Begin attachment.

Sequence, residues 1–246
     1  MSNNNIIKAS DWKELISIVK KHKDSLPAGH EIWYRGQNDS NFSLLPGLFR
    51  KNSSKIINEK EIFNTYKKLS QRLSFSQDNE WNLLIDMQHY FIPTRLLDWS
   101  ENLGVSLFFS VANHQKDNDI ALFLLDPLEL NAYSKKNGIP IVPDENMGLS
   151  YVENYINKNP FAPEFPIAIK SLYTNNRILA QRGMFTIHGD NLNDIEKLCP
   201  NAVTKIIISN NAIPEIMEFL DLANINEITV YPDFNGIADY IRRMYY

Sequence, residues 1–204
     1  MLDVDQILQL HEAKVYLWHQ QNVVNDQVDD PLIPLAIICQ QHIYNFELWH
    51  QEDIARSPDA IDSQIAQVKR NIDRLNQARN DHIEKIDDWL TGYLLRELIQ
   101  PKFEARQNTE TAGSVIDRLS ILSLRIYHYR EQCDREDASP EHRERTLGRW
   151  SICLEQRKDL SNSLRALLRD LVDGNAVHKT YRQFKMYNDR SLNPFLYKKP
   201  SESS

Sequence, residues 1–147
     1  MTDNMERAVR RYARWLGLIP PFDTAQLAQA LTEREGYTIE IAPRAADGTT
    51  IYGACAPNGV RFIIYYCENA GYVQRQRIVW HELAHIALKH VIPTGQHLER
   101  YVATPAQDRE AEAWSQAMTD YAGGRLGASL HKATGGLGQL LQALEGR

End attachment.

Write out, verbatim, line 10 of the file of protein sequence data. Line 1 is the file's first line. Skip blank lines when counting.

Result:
   101  PKFEARQNTE TAGSVIDRLS ILSLRIYHYR EQCDREDASP EHRERTLGRW